Look at the other problems MacBooks have. They're known to crack along the vents, crack on the bottom where the CPU is located. Crack on the top because of the pressure from the magnetic latch.

    Look at the MacBook Pro. Its prone to warping, denting, scratching, bending, and in some very rare cases, rusting. It still has a yellow screen issue. There is still a issue with weird noises coming out of the headphone jack.

    Let's look at the MacBook Air. The cooling system is so poorly designed that the system is more likely to always run in a reduced power mode with a core disabled.

    The iMac? I don't think condensation behind the glass screen is a sign of quality workmanship.

    Let's not forget all the problems with iBooks Apple had, shall we? Problems that lead to certain foreign governments getting involved and forcing Apple to repair or replace affected units that were hindered by what was called a "design flaw".

    Macs are only designed to last the length of the warranty so Apple can sell you another when your previous one fails after 18 months.

    Except they also have a starting cost about 5x more than the average desktop PC.

    Hah, you tried that crap in the other thread and it didn't work. Again, Apple, HP, Gateway, Acer, etc. ALL contract the same Chinese manufacturers.

    If you have one custom built by say... ibuypower, then you're getting the exact same components you would if you were buying it and building it yourself.

    And you should also know that no self respecting person, or even someone who plays 2 games a year, will buy such a machine.

    Cut a lot of corners? How? You know, you can have a system custom built by a reputable manufacturer, or by yourself, and it will have higher quality components than the iMac, run at least 4x as fast, and will have more features.

    There is no "Ease of use" advantage with OS X. I'm sorry, but there just isn't. This is a flat out lie and people need to quit with it.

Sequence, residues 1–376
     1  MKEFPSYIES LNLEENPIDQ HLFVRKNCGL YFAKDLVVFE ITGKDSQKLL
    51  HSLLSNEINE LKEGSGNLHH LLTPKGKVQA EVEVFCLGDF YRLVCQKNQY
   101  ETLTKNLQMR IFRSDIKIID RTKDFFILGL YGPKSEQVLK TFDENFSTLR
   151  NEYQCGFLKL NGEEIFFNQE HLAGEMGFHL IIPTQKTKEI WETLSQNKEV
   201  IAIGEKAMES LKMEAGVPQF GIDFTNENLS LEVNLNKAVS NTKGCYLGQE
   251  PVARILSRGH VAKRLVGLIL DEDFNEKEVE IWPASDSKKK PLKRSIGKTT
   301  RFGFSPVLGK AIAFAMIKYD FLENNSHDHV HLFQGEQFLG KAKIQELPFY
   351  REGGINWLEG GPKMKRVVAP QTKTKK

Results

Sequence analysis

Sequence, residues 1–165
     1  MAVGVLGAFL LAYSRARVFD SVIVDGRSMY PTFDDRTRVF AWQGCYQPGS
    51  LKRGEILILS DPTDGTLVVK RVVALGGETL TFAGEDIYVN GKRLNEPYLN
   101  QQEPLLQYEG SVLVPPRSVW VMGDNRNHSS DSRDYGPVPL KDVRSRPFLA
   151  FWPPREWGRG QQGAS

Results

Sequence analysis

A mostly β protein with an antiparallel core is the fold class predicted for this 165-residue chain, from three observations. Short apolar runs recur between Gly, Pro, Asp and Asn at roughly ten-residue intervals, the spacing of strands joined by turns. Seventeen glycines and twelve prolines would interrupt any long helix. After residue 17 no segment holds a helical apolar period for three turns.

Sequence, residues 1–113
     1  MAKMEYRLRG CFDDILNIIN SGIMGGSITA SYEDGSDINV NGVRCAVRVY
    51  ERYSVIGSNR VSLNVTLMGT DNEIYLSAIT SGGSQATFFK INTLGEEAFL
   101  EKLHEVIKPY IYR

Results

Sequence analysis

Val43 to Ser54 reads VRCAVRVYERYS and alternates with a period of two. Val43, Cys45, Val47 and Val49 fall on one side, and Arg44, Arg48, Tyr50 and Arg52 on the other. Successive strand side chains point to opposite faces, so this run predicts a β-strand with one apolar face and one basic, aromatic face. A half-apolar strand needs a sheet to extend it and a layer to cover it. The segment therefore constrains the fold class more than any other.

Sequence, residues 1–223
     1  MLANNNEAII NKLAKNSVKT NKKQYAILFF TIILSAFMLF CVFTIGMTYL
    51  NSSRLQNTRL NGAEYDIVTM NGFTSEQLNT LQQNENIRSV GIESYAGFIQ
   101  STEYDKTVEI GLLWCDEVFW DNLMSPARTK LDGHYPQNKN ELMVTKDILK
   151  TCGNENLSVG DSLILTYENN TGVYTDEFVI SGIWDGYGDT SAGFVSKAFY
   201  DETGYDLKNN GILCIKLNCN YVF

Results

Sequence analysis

Not to mention the fact that Windows flexibility gives the end user more options and it gives the hardware manufacturer the opportunity to tweak drivers to get maximum performance. When was the last time there was a driver update for GeForce cards on OS X? The beginning of the year? I've seen 4 major drivers from nVidia that have given me an all around 25% performance boost over what I was originally getting out of this card.

    I don't have to take what Apple tells me I want in terms of hardware. I can have an Asus soundcard, EVGA manufactured GeForce, my 4 year old Leadtek PCI TV tuner (that is still getting driver and functionality updates free! unlike certain Apple products), and whatever else I want.

    Thanks to Windows and my own hardware, I can build exactly what I want and have it run exactly how I want.

    The "cheap brands" out there provide 24/7 tech support for the full first year you own it. Unlike Apple which charges $60 a pop after the first 90 days, but only if you call on a weekday before 6PM. That is not good support.

    Also, something you build yourself will come with full warranties. That HDD you bought? Well, it has a 5 year warranty on it. Versus the 1 year warranty on your Mac. That optical drive? Three years. That RAM? Life time. Etc.

    Overall, that home built PC will have a much longer warranty than your Mac or any pre/custom built PC. You don't have to pay hundreds extra to have the ability to call in with software issues (handled by the developer, usually lifetime in most cases) and continue calling on weekdays before 6PM for a couple of years.

    Also, if you choose an iMac over a self-built PC, if one thing goes wrong you have to send the whole freakin unit in for a week or more at a time! If something goes wrong with the PC, they manufacturer of the part will generally send you out a new one and not even bother requesting you return the old one.

    And with "compact and quiet" comes "ridiculously hot" which, in turn, shortens the overall lifespan of the unit.

    Hah, we went over this in the other thread and your argument was pretty much murdered.

    Let's look at HP versus Apple for notebooks for a second.

    The $1299 MacBook gets you a 2.4GHz Penryn based C2D (the 3MB L2 cache version), 2GB of RAM, 160GB HDD, Intel X3100, DVD writer, 2 USB, Firewire, Ethernet, mini-DVI output, optical audio in and out.